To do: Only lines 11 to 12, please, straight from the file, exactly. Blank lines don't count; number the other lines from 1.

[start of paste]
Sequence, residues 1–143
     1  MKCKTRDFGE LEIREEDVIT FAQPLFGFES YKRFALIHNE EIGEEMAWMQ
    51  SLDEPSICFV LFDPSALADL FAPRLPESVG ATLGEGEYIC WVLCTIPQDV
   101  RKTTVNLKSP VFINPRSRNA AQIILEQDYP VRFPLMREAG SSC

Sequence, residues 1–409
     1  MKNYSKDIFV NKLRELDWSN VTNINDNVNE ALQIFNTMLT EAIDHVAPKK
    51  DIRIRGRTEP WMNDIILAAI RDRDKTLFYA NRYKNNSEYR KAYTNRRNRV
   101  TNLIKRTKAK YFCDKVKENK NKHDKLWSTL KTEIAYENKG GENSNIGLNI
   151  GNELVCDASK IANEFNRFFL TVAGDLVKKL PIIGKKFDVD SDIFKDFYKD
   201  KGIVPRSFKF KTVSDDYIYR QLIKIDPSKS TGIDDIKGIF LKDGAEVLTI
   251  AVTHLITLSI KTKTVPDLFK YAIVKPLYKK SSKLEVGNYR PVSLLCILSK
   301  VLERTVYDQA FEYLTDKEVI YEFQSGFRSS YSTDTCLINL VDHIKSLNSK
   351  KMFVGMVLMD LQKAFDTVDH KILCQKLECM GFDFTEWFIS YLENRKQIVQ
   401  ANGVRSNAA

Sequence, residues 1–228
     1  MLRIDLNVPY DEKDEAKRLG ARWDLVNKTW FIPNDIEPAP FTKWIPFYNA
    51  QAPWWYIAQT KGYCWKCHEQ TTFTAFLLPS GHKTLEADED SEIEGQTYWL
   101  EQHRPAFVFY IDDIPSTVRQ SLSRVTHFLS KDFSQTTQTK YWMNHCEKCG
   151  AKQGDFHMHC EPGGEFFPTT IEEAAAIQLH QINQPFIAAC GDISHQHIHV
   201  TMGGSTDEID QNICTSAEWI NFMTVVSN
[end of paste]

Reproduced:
   251  AVTHLITLSI KTKTVPDLFK YAIVKPLYKK SSKLEVGNYR PVSLLCILSK
   301  VLERTVYDQA FEYLTDKEVI YEFQSGFRSS YSTDTCLINL VDHIKSLNSK